Djanet Sears’ Harlem Duet is a fresh look for Bard on the Beach

The play steps beyond the white gaze under director Cherissa Richards

Harlem Duet poster: a promotional poster of two people standing next to each other from behind a table of various vials and fruits. The person on the left is shrouded in darker blue light and the right person is in warm orange light. Tents: White carnival tents with red flags on top of the points pictured on a sunny day with a blue sky and mountains in the background. The sign at the gated entrance reads “bard on the beach,” and an adult and child are walking through the open gate
Bard on the Beach, an annual Shakespeare festival, started to expand beyond putting on Shakespeare productions in 2005. Emily Cooper (Harlem Duet poster) and (tents entrance)

By: Isabella Urbani, Staff Writer

This year’s 33rd Bard on the Beach will include Canadian playwright Djanet Sears’ 1997 play Harlem Duet. The festival was initially created with a focus on Shakespeare but has since branched out. Sears’ dramatization of Othello, directed by Cherissa Richards, will be performed alongside productions of Romeo and Juliet and A Midsummer Night’s Dream. 

According to the event description, Harlem Duet “explores the complicated relationship of a Black couple in three key periods in the American Black experience: 1860, before the US Emancipation Proclamation; 1928, during New York’s Harlem Renaissance; and in post-civil rights 1997.” This journey through time aims to examine race, privilege, and relationships. 

These characters were created by Sears, “exploring what it meant to be of African descent,” said associate artistic director of Bard on the Beach Dean Paul Gibson. He added, “Being exposed to Shakespeare and other great writers influenced [Sears] to tell stories about Black people and Black environments.” Harlem Duet, Gibson said, does this through an “evocative, sensual, challenging world.”

The decision to bring Harlem Duet to the stage came to fruition during the pandemic and after the death of George Floyd, which sparked weeks of protest across North America in June  2020. “It was important to put focus and spotlight on Black excellence and develop new relationships,” said Gibson. When a colleague shared their experience watching Sears’ play in Toronto, Gibson knew he had to take a look at the script. 

“I was smitten; I was blown away by its beauty, poetry, and structure. In my mind, it reminded me about the reasons why we stepped outside of Shakespeare.” In 2005, Bard on the Beach made a commitment to feature other playwrights and more contemporary works. He added that despite taking small leaps in featuring more inclusive productions, they still mainly featured white writers and directors. In 2019, Bard on the Beach put on All’s Well That Ends Well but set in British India to explore the occupation and partition of India and Pakistan in 1947. Harlem Duet continues Bard on the Beach’s commitment to culturally relevant content.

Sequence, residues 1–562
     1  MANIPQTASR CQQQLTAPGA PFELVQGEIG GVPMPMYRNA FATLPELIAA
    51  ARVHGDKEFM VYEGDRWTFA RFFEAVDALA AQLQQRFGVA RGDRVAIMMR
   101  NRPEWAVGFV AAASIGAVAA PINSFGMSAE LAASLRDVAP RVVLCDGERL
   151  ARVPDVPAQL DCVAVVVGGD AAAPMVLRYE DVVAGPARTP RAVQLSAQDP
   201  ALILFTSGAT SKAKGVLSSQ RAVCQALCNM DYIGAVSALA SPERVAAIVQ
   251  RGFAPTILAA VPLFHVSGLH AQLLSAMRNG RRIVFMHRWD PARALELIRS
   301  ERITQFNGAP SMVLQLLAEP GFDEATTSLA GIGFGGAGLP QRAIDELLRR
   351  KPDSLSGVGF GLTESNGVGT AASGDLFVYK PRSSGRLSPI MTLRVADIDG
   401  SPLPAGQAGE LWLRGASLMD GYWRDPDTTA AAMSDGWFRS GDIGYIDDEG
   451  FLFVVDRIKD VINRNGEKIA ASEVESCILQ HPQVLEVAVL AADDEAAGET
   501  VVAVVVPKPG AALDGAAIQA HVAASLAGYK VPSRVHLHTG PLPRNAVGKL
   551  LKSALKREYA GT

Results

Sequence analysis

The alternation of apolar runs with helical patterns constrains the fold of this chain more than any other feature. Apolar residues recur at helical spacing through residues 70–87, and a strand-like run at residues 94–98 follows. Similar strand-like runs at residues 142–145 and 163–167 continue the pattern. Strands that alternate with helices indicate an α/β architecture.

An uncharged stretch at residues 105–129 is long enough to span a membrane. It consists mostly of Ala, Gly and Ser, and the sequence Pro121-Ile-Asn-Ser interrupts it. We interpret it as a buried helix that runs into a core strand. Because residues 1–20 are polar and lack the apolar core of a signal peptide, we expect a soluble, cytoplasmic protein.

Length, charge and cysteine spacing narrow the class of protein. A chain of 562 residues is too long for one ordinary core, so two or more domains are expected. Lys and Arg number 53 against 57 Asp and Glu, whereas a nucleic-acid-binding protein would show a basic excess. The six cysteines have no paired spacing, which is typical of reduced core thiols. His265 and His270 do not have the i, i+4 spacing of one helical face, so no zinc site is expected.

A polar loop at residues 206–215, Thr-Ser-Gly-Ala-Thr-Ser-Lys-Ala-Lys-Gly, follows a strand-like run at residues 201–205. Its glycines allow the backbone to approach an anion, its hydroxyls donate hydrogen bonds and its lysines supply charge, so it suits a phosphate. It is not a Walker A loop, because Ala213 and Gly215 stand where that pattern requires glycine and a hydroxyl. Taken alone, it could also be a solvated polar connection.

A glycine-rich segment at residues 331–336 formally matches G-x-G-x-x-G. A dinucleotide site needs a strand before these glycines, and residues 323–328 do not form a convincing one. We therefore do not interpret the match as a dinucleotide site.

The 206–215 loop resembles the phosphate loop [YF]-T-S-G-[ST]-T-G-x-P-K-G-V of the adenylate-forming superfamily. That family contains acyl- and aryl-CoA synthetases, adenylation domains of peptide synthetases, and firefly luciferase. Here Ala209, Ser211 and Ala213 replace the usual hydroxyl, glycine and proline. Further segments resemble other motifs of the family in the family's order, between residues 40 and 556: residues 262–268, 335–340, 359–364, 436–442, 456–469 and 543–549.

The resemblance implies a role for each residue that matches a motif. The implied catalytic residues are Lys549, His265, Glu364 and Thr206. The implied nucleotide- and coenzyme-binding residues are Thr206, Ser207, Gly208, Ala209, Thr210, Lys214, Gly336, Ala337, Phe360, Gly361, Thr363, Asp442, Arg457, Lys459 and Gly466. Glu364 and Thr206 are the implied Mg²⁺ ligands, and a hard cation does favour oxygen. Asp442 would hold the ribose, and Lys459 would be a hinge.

Gibson referred to the play as a sort of prequel to Othello as it sheds light on Othello’s life with his first wife. “[Sears] is fleshing out a character that was woefully underwritten because it wasn’t written by a Black man,” he explained. According to Gibson, Sears does this through “her perspective as a Black writer, delving into ‘what if?,’ ‘what does that mean?’ and examining the different time periods and the history of Black people on this continent.” 

Harlem Duet is directed by Cherissa Richards, who was greatly influenced by Sears’ work as a playwright. The play features a supporting crew and cast made almost entirely of people of colour. Gibson said Sears has been very clear about the direction of the play and Bard on the Beach has worked in collaboration with her to ensure her vision is brought to life.

Gibson shared that this will be a change not only felt by the cast, but by the entire audience. “When I am a young person going to the theatre for the first time, and I see someone who identifies in a similar way to me, and I see that reflection on stage [ . . . ] then the possibilities seem endless.” 

On the festival’s progress in showing plays written and directed by people of colour, Gibson admitted progress has been slow. However, he emphasized the need, responsibility, and commitment to showing more art from people of colour going forward. “As we build bridges and forge new relationships to new audience members and communities, we have an obligation to reflect the beautiful diversity of this city and the cultural richness of the country.” 

Harlem Duet is on from June 15–July 17 at the Howard Family Stage. Tickets range from $27–69 depending on seat for adults over 22 and $27–34.50 for youth 22 and under. Masks are encouraged.

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